Should compliance be subordinated to legal, rather than separated from it? Yes, argues Sean J. Griffith, of the Fordham University School of Law, in a recent paper, titled “Agency, Authority, and Compliance.” This is an interesting and unusual perspective and one that I am not unsympathetic to.
The abstract states:
Compliance officers owe their professional existence and their organizational authority to the interventions of regulators and enforcement agents. This creates a unique incentive structure and renders compliance officers especially receptive to regulators’ extra-legal pronouncements.
As a result, the separation of compliance from legal and the elevation of the compliance function as the co-equal of the legal department, a structure often insisted on by regulators and enforcement authorities, effectively enlarges the compliance conduit through which the government may abuse the rule of law. Rather than separating compliance from legal, compliance should be subordinated to legal so that an officer accountable exclusively to the best interests of the firm is charged with interpreting the law and advising the firm on what the law requires. Only after this determination has been made should compliance officers be charged with the task of executing on these decisions.
A necessary condition to realigning organizational responsibilities in this way, however, is for the government to stop insisting on the alternative. More broadly, the government should not involve itself in the organizational details of compliance, but rather should limit itself to making and enforcing the law.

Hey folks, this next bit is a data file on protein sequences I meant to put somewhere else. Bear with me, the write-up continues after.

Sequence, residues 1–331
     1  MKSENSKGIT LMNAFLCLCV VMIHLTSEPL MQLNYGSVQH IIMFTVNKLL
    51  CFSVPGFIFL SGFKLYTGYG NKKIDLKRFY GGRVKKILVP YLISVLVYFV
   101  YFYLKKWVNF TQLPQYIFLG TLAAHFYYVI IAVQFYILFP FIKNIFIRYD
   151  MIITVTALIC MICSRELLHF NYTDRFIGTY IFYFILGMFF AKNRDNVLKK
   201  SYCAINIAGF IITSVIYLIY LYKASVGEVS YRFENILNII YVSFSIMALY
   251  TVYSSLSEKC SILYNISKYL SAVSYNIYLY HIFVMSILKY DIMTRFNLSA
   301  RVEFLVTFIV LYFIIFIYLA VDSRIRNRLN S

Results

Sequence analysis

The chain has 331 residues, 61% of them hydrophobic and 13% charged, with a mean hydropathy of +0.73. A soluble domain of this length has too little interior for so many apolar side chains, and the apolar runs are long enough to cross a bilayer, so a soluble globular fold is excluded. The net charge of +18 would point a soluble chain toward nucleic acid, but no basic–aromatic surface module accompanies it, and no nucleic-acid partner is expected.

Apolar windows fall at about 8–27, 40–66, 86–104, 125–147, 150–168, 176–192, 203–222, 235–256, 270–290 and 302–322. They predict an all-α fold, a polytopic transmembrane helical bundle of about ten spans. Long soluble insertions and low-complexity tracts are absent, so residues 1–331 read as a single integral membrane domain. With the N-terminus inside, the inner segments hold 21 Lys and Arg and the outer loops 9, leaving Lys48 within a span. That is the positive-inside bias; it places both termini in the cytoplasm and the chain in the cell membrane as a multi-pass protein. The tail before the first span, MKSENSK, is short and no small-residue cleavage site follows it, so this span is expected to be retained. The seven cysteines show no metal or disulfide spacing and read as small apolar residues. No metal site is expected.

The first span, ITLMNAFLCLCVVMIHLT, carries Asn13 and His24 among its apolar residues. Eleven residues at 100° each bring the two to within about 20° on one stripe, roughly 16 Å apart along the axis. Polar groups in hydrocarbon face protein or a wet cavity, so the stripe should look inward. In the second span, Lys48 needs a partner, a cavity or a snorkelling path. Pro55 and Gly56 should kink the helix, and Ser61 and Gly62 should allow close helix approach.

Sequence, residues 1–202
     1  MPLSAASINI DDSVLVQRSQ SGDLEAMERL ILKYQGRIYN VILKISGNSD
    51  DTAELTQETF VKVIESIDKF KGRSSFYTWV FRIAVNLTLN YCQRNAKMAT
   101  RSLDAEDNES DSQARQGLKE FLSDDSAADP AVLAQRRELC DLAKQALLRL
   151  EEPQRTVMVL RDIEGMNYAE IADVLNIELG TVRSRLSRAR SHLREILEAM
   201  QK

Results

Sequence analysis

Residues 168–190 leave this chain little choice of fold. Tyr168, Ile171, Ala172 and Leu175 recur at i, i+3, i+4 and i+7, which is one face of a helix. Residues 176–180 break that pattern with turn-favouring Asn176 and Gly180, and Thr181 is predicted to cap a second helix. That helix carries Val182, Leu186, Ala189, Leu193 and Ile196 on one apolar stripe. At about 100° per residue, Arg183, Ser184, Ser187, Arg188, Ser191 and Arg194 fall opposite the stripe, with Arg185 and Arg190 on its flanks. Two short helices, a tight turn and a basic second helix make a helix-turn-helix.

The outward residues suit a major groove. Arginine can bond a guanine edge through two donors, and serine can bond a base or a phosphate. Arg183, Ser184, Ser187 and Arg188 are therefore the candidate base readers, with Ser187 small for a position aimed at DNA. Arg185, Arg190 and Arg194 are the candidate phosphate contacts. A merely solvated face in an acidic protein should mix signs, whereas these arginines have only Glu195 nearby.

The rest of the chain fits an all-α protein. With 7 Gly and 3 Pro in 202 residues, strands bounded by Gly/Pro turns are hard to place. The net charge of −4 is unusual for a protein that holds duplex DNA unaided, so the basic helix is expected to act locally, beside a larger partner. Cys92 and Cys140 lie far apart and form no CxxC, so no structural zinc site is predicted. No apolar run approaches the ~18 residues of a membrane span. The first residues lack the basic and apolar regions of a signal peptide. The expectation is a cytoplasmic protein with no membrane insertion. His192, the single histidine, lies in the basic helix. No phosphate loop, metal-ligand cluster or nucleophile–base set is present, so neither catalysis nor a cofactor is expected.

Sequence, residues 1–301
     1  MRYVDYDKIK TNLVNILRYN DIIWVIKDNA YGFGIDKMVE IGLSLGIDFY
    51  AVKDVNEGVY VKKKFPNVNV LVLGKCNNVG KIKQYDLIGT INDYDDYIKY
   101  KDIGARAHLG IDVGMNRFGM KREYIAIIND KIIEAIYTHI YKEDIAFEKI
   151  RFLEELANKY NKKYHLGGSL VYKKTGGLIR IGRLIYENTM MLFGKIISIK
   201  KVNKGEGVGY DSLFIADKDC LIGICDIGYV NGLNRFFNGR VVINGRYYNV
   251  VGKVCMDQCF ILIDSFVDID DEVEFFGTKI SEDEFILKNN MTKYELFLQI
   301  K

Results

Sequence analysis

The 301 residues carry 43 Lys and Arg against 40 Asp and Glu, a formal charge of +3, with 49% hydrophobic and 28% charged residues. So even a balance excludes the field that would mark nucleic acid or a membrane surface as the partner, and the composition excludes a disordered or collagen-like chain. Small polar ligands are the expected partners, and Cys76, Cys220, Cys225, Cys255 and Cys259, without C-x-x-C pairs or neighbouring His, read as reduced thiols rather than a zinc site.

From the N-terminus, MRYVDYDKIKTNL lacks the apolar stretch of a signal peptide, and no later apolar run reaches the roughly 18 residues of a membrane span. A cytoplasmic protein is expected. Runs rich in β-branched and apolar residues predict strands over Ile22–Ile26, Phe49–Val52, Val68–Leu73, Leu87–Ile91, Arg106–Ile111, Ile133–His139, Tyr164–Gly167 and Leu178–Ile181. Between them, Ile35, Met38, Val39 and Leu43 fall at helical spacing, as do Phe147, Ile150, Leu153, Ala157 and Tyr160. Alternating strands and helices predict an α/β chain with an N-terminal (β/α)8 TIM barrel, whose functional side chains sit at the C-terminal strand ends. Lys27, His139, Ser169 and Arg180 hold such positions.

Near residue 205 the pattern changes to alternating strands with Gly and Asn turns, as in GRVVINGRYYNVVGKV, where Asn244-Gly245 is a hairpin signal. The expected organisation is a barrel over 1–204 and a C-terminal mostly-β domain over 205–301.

Indeed, in a piece last year in Compliance Week, I argued that in many companies having the chief compliance officer report administratively to the general counsel would, in fact, be appropriate. (This is assuming, among other things, that the CCO reported informationally to the board of directors.)
But I’m not persuaded that a conflict-like condition exists because CCOs “owe their professional existence and their organizational authority to the interventions of regulators and enforcement agents,” at least, not as a general matter. One might find exceptions where a company is under a monitorship or is in a very highly regulated business. But for most organizations, I believe, this is no more the stuff of conflict than is the fact that a company’s sales people effectively owe their respective jobs to its customers. (Presumably this would not diminish the sales people’s fidelity to their employer’s best interest.)
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I also don’t agree with the notion that whether to take a contemplated compliance measure should be decided by the GC and how to do so that of the CCO. While conceptually neat, as a practical matter the two areas tend to overlap considerably, making the proposed separation of powers difficult to implement.
Finally, regarding this suggestion: “the government should not involve itself in the organizational details of compliance, but rather should limit itself to making and enforcing the law,…” I generally believe that, without the government’s involvement in the details of compliance over the past nearly 30 years, the overall state of compliance would be weaker than it is today.
Jeff Kaplan is a partner in the Princeton, New Jersey office of Kaplan & Walker LLP and a member of Ethical Systems’ Steering Committee.
Reprinted with permission from the Conflict of Interest blog.